Turning now to FIG. 11, the means by which a link source 64 is found and by which a link client 60 is mended will be described. When a local link tracking service receives a request in step 84 to link to a file, certain data representative of the link source, the data being contained within the link client 60, is passed to the local link tracking service. The local link tracking service may first attempt to link to the link source file in steps 86 and 87 following a path described within the link client file. Should the link source 64 not reside at this path, i.e., no file resides at the terminus of the path or the file that resides there does not match the characteristics of the expected file, the local link tracking service may attempt in step 88 to find the link source 64 on the last-known machine (the machine on which the link source 64 was last-known to reside) using other data.

To find the link source 64 on the last-known machine, the local link tracking service preferably utilizes the link source descriptors contained within the link client 60. Specifically, the link tracking service employs the last LSID to find the moved link source 64. Even though the link source 64 gets a revised LSID when it is moved to a new volume, if the move is to another volume of the same machine, the last LSID stored within the link client 60 will be similar enough to the revised LSID that the match can be made with a high degree of confidence. If the link source 64 is found, the link client 60 is updated in step 92 to reflect the new LSID and path.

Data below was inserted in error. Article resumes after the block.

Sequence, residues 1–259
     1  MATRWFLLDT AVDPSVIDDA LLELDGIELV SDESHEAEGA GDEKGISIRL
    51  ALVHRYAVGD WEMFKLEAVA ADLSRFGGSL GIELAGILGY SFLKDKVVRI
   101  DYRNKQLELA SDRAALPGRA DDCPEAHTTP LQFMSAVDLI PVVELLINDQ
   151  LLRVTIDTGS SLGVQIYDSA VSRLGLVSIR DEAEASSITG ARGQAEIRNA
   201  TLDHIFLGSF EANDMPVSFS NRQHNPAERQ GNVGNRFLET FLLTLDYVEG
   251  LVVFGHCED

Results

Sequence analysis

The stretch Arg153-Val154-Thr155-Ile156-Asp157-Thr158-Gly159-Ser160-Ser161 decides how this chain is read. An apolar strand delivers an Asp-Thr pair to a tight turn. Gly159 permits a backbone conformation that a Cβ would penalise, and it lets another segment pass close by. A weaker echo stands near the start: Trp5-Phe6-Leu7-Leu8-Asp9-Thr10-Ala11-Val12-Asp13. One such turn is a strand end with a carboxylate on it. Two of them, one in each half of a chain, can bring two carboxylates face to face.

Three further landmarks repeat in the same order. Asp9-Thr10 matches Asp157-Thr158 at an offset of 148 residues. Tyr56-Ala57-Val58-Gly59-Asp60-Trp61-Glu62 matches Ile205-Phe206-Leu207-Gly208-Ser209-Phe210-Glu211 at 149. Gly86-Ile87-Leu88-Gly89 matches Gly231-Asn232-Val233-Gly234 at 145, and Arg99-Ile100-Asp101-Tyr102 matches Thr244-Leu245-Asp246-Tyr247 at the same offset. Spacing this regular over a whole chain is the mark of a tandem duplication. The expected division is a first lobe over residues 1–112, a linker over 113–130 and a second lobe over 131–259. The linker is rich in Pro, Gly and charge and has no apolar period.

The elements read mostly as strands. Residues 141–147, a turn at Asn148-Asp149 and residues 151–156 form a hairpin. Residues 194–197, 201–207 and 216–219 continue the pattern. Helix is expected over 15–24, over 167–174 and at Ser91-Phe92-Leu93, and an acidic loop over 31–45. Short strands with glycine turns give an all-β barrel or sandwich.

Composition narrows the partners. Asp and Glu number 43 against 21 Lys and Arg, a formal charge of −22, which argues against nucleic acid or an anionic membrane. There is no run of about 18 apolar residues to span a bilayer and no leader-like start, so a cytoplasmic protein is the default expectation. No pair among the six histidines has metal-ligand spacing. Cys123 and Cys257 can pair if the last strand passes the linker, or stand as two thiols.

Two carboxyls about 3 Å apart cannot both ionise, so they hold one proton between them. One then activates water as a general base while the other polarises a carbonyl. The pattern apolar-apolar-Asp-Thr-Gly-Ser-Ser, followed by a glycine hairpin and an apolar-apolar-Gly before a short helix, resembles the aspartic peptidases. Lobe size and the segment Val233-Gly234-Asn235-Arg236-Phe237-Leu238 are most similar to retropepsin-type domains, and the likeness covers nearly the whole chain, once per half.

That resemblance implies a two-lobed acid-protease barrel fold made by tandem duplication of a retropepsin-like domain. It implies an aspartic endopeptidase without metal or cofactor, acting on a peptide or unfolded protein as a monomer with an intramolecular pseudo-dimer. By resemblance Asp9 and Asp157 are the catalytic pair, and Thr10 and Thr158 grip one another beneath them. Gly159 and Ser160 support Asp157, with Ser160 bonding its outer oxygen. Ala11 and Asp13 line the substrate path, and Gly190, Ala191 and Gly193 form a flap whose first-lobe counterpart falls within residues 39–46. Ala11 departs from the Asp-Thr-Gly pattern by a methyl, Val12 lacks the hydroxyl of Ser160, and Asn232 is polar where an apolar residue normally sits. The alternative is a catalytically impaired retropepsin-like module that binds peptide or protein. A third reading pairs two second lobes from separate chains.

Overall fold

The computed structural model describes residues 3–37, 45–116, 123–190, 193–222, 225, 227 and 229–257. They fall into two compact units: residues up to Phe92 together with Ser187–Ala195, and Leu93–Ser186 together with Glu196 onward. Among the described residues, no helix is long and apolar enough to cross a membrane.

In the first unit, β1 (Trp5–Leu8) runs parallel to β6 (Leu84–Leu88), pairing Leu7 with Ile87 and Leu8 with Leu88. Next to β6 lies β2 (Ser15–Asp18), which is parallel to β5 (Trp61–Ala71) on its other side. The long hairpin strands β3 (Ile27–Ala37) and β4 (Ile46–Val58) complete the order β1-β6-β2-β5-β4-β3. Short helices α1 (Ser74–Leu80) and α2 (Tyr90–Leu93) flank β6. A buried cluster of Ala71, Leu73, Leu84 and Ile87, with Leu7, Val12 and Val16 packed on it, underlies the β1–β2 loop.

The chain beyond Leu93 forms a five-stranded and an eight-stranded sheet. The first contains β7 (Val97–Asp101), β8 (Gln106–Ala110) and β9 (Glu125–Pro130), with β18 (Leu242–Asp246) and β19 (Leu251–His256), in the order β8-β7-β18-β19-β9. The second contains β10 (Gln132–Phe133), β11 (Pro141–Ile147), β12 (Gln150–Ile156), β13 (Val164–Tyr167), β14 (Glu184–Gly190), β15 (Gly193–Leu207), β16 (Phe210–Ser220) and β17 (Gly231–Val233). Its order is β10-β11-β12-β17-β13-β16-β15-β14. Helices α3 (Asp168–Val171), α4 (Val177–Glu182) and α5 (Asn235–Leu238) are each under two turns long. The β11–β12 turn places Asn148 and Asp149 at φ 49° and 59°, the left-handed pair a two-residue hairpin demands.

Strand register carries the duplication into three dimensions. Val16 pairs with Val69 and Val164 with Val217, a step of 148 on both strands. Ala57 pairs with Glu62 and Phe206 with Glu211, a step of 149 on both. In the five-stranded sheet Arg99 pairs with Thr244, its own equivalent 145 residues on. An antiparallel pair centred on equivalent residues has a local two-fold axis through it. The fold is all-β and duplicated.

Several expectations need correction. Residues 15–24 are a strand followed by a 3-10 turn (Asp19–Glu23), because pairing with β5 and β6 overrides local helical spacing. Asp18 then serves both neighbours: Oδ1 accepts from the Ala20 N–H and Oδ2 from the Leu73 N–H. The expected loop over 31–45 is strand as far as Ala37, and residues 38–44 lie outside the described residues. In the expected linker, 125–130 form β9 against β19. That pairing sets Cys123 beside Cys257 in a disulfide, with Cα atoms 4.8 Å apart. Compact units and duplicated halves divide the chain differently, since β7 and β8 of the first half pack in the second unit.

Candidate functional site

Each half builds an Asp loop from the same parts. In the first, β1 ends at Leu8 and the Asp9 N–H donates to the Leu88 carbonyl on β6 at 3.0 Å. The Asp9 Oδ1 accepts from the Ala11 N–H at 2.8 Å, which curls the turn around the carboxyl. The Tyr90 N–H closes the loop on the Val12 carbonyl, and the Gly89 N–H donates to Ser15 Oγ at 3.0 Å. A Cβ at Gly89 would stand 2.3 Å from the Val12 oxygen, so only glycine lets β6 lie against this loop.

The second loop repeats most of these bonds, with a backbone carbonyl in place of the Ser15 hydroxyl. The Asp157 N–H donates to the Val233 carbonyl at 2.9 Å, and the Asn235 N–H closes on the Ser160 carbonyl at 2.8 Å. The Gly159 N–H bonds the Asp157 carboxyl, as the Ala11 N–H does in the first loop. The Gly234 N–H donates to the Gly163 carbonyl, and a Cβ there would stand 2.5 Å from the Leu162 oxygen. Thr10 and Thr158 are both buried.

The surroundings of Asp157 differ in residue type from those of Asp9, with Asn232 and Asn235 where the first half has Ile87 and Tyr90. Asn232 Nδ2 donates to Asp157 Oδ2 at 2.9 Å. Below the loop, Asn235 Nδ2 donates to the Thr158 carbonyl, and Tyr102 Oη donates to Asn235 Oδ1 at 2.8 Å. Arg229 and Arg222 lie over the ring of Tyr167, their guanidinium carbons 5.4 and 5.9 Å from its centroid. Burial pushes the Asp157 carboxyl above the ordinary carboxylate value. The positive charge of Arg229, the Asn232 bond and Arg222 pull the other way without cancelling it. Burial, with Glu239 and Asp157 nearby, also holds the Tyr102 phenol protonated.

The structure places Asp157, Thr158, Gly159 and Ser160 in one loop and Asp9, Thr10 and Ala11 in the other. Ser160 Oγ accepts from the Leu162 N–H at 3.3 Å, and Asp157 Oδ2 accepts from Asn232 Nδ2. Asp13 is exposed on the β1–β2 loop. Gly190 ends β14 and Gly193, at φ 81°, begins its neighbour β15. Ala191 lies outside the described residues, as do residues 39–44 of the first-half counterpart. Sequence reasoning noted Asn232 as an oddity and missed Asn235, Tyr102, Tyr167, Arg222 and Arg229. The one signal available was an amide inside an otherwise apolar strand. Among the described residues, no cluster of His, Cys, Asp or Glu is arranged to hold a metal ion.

If the link source 64 is not found on the last-known machine (or at the terminus of its expected path if the last-known machine searching step is not used), the centralized link tracking service can be invoked to find a link source 64 that has been moved within the same domain. Generally, as additionally illustrated in FIG. 12, the local link tracking service queries the centralized link tracking service to search its move table and volume table for the current location of the link source 64. More specifically, the local link tracking service provides the centralized link tracking service in step 90 with some data representative of the link source, for example, the birth LSID of the link source 64 (V1O1 as illustrated in FIG. 12). Using this birth LSID, the central link tracking service returns to the local link tracking service in step 94 data representative of the current location of the link source, for example, the current LSID and current machine ID on which the link source 64 is believed to reside (V3O3,M3 as illustrated in FIG. 12). The current machine ID is determined using the volume table and the VolID in the current LSID found in the move table. If the link source 64 is locally stored, the local link tracking service uses the returned data to perform a search for the link source on the appropriate volume. When the link source is found, the local link tracking service updates in step 96 the link source path and descriptors within the link client 60.

In still a further implementation, any held move messages, e.g., move messages that have not been entered into the move table because of potential race conditions, could also be searched to find the current location of the link client. In this implementation, the centralized link tracking service could search for the current LSID of the link source using the last-known LSID of the link source. By way of example, using the held message illustration set forth previously with respect to FIG. 9, the centralized link tracking service could be provided with the last-known LSID (V2O2) to find the correct current LSID (V3O3) in the held move message from machine M2.